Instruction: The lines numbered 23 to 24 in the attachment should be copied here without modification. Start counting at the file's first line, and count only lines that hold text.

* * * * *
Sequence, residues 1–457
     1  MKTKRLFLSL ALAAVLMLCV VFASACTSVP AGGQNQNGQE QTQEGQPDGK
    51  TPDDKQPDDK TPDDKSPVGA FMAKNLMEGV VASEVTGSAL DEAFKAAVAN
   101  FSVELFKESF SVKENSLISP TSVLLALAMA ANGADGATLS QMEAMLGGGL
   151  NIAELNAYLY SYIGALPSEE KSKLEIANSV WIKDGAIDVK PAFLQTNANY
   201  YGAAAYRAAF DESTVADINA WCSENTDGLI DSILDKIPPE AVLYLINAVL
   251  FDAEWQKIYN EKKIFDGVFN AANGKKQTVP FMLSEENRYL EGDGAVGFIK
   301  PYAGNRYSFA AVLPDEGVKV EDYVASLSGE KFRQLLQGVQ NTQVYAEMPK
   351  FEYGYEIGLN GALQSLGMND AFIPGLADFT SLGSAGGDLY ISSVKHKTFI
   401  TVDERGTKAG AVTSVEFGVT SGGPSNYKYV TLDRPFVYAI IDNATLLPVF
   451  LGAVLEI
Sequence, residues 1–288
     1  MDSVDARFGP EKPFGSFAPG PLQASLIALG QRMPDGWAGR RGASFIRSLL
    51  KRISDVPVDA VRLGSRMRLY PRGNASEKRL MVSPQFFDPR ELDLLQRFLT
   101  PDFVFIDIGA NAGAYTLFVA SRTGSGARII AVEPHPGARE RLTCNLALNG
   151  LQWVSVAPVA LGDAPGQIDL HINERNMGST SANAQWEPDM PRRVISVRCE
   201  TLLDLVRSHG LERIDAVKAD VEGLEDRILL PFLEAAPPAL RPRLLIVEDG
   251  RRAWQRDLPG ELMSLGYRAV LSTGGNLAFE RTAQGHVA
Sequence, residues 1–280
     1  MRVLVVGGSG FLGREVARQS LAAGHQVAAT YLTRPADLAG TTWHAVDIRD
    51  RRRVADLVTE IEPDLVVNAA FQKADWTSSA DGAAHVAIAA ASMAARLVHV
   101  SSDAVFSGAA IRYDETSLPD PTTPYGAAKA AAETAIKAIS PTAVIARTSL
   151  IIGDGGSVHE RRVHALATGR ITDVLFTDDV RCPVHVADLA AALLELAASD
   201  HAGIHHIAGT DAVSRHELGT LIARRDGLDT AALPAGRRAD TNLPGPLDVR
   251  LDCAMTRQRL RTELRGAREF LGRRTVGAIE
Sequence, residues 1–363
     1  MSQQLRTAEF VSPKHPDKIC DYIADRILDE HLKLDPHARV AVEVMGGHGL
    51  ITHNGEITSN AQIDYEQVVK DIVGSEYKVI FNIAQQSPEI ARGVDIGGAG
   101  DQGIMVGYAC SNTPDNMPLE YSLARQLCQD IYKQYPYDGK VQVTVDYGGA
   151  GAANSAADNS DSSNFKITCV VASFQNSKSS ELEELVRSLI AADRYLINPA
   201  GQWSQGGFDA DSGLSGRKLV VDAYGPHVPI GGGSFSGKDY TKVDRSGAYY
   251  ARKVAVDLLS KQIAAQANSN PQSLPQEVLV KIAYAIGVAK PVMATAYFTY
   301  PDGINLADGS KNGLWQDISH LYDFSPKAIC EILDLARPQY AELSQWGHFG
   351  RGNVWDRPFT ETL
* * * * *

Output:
   151  IIGDGGSVHE RRVHALATGR ITDVLFTDDV RCPVHVADLA AALLELAASD
   201  HAGIHHIAGT DAVSRHELGT LIARRDGLDT AALPAGRRAD TNLPGPLDVR